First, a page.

Overlapping semantics of leadership & heroism: Expectations of omnipotence, identification with ideal leaders & disappointment in real managers. (2015)
‘Leaders’ and ‘heroes’ are so tightly linked in our semantic construction of the world that speaking of one easily evokes associations with the other.
Jan Ketil Arnulf; BI Norwegian Business School, Oslo, Norway
Kai Rune Larsen; Leeds Business School, University of Colorado at Boulder, USA.
Scandinavian Psychologist, 2, e3.
Photo: Ben Stanfield / Flickr.
The advent of seemingly larger-than-life leaders such as Steve Jobs keeps reinforcing the “heroic perspective” of leadership.
“(But) heroic leaders in the form of celebrity CEOs are of dubious value. (And) belief in such qualities has been shown to be dangerous to the leader in question as well as to organizational performance and long-term returns on.”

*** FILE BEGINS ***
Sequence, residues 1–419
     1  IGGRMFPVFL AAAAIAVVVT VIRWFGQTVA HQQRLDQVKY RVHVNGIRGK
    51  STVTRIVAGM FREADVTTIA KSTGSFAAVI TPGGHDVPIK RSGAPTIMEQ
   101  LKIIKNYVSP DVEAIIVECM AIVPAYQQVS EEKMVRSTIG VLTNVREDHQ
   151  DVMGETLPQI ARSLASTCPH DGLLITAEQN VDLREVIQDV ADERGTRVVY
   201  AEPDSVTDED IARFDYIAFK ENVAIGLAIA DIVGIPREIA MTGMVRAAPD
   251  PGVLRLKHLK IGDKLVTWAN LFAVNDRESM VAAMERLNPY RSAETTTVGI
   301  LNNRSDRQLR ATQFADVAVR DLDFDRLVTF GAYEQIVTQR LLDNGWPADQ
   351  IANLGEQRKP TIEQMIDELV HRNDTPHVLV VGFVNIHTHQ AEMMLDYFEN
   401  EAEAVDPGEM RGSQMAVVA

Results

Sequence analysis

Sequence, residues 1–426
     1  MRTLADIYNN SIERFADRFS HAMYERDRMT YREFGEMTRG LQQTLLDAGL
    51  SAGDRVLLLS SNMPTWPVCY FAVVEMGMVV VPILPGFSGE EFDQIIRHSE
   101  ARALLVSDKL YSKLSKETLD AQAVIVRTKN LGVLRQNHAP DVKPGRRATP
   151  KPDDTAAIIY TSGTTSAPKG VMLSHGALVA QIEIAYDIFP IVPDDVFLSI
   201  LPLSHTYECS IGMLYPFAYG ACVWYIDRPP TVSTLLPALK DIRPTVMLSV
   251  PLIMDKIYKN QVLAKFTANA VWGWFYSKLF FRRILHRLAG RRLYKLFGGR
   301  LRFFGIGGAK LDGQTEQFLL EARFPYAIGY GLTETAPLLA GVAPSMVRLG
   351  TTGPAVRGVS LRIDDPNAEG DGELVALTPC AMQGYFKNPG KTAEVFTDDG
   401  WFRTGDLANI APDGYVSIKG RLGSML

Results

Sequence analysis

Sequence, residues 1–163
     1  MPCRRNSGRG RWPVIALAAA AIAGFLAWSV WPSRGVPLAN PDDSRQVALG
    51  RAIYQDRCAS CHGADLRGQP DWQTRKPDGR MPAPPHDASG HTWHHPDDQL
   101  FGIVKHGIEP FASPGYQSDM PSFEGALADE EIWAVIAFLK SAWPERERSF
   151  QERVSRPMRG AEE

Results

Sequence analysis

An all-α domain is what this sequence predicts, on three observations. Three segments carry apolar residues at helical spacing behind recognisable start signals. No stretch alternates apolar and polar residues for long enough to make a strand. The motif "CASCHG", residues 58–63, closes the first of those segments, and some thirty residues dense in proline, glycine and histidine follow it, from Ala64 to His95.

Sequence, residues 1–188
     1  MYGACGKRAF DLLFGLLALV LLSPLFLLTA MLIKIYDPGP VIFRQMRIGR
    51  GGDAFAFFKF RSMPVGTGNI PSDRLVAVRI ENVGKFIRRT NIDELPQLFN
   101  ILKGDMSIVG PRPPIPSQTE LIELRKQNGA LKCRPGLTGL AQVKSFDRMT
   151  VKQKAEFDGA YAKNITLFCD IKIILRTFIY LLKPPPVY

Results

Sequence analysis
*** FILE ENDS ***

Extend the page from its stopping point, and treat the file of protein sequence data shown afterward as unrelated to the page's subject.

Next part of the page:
With the widespread knowledge of the illusory and potentially dangerous consequences or managerial heroism, why do these heroic perspectives keep re-emerging?
The authors propose that ‘leaders’ and ‘heroes’ are so tightly linked in the collective semantic construction of the world that speaking of one easily evokes associations with the other.
They hypothesize, and find, that many people have unrealistic expectations of leaders and confuse leadership with heroism.
This has “consequences for how people perceive their closest superiors” in the real world. Many subordinates score their superiors significantly lower on heroism than the superiors themsleves.
The authors also show “how commonly used leadership surveys capture heroic leadership expectations in a self-fulfilling way, making leadership research just as prone to leadership illusions as lay people are.”
Access the full paper here: Overlapping semantics of leadership & heroism